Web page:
Flight BOE1

Mick West

Administrator
Staff member

The above track is from Oct 1, 2014.

BOE1 is a flight number given to Boeing test aircraft. In this case, it's A 787-900, flying to and from Boeing Field in Seattle. This is an aircraft that is not yet in service and is going through various tests to ensure everything is working. In this case it looks like it was doing some high speed turns and climbs.



Other flights of BOE1 show similar unusual flights that are typical of test flights



 

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solrey

Senior Member.
Those tight turns over the Oregon coast range occurred due west of me and the contrails drifted directly overhead, but I was too busy with yard work yesterday afternoon to bother grabbing the camera to take a pic. I've seen quite a few contrails drift overhead from Boeing test flights making turns over the same area just a few miles west of here.
 

MikeC

Closed Account
I reckon this one is still better:



Mick you say the 787-900 is not in production yet - but that's not true - they've been delivered to a few airlines now and Air New Zealand made it's first revenue flight on August 9 -



Perhaps you meant that particular plane was testing prior to delivery to a customer??
 

Trailblazer

Moderator
Staff member
Those tight turns over the Oregon coast range occurred due west of me and the contrails drifted directly overhead, but I was too busy with yard work yesterday afternoon to bother grabbing the camera to take a pic. I've seen quite a few contrails drift overhead from Boeing test flights making turns over the same area just a few miles west of here.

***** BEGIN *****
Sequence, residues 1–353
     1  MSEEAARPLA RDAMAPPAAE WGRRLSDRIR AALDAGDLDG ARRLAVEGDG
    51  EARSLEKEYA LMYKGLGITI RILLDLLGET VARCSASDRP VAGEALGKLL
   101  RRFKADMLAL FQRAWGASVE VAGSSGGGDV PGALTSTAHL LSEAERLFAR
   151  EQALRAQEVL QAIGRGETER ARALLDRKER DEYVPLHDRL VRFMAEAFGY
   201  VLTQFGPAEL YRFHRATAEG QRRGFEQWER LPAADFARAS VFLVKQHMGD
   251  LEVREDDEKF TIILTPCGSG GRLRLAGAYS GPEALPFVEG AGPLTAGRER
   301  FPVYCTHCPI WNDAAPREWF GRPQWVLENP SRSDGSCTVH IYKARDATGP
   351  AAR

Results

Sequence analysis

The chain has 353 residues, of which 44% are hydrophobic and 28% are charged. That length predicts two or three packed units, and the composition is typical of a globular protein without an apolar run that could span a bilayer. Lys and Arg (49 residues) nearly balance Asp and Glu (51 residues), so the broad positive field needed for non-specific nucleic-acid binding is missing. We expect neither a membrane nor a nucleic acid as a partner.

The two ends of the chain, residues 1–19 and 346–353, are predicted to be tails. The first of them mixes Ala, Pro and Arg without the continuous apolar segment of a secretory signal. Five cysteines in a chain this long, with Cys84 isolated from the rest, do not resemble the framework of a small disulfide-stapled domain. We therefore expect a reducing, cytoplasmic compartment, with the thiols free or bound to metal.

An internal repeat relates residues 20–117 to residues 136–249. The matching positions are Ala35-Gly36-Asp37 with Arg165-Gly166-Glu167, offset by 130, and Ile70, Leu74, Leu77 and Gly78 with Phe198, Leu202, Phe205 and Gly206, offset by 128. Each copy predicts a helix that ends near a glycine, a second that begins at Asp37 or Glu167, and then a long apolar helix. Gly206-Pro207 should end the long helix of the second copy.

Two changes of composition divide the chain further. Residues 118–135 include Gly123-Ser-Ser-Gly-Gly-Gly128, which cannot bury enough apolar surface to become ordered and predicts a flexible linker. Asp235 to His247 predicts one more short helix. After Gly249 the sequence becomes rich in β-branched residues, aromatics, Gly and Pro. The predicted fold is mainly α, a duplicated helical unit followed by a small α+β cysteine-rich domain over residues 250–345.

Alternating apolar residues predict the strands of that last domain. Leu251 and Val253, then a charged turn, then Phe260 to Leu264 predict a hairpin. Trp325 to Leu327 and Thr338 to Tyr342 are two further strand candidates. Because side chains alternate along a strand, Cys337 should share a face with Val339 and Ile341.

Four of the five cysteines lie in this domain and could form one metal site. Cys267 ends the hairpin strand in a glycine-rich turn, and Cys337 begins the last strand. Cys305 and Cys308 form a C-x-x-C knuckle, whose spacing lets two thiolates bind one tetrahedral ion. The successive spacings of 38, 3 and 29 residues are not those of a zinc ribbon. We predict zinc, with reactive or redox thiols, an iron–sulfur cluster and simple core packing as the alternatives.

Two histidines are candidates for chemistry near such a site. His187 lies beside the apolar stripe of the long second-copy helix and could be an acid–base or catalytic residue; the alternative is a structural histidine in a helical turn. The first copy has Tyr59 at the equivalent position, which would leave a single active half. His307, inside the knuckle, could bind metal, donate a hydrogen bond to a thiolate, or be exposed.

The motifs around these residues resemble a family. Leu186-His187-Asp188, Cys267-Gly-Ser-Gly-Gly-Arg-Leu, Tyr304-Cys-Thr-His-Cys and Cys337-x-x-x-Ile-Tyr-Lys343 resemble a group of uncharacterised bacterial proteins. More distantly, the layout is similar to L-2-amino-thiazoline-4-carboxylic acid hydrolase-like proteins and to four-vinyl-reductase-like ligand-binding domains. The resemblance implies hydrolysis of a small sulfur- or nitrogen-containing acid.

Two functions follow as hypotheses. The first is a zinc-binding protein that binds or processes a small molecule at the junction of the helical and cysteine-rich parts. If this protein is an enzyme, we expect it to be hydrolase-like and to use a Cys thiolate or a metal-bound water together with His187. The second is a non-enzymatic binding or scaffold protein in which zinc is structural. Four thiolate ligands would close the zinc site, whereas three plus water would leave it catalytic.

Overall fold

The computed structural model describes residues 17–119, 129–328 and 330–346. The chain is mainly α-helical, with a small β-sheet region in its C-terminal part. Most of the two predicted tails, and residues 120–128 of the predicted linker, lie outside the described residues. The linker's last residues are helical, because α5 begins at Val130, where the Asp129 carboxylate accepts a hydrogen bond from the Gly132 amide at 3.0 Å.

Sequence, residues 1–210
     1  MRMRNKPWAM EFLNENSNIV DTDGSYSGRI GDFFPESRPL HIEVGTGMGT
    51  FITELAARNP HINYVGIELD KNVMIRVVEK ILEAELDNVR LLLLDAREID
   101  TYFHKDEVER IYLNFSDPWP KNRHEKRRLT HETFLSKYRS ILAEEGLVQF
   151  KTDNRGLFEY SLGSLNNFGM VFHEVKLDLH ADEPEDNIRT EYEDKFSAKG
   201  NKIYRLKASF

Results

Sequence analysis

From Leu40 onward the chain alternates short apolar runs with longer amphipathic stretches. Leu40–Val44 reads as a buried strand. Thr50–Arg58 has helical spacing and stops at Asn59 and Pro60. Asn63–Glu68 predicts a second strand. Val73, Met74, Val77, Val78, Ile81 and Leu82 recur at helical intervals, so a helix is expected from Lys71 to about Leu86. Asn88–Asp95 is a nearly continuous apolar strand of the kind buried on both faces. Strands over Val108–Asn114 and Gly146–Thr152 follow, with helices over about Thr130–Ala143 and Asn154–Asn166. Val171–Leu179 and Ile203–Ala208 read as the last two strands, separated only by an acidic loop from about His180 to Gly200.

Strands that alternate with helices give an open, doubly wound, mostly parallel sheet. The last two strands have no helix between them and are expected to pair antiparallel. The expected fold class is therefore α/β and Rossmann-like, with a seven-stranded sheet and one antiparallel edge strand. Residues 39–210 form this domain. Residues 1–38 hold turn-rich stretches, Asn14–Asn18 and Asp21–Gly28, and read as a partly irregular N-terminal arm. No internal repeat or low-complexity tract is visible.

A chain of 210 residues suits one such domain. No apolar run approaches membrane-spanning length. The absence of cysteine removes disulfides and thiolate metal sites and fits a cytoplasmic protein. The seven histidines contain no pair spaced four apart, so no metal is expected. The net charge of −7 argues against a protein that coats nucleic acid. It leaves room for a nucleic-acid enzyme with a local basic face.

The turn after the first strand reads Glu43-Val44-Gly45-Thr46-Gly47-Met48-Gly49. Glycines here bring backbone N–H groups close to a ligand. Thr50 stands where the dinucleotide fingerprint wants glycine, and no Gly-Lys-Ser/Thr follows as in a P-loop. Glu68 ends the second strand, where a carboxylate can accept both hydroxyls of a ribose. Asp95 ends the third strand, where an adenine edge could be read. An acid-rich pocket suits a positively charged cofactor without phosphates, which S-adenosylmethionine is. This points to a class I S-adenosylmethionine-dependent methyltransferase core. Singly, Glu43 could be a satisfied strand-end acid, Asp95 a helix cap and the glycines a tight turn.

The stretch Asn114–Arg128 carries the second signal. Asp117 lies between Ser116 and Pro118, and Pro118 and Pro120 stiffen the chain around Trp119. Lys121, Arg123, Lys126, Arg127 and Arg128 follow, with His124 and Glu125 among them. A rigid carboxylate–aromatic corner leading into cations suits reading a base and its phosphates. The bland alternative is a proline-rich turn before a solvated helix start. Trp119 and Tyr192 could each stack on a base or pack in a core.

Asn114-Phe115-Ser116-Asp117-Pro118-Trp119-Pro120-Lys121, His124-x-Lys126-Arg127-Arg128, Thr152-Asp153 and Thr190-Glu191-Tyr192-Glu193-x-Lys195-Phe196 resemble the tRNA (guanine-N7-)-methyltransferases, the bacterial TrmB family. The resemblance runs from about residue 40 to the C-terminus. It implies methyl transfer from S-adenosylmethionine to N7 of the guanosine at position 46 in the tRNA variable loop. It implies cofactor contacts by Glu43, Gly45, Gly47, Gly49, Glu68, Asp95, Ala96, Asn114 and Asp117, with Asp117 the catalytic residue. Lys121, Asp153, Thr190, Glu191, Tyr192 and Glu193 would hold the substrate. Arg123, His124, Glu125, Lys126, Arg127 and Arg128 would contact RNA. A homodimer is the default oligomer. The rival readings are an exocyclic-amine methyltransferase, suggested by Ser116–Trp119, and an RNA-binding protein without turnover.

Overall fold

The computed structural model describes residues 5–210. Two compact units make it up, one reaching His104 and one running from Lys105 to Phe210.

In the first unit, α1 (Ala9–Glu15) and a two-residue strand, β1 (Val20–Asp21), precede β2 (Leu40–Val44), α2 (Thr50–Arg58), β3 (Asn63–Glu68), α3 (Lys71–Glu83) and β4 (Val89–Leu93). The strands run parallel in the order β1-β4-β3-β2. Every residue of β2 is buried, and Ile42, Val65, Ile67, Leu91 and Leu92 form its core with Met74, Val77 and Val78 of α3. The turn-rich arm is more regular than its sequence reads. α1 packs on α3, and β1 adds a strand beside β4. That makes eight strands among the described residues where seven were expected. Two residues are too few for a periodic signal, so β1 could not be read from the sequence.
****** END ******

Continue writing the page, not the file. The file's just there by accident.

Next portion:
Did it look anything like this?



https://www.facebook.com/photo.php?fbid=10100414019558678&set=o.1428160077460038&type=1
 

Trailblazer

Moderator
Staff member

Look at that spike in the track out over the Pacific. Looks like they might be refining the same technology that Ian Simpson spotted with those diversions to the Gulf of Guinea? :)

(Or alternatively there was a glitch in the data, like Ian Simpson spotted etc etc etc...)

Actually, all joking aside, that is a nice illustration of how such glitches occur:

glitch.jpg

http://uk.flightaware.com/live/flight/BOE1/history/20140926/1630Z/KBFI/KBFI/tracklog

One spurious point, with inaccurate positions, was picked up via a different tracking station. Coincidentally (or not?) this occurred just as the aircraft started its descent from 40,000 feet.
 
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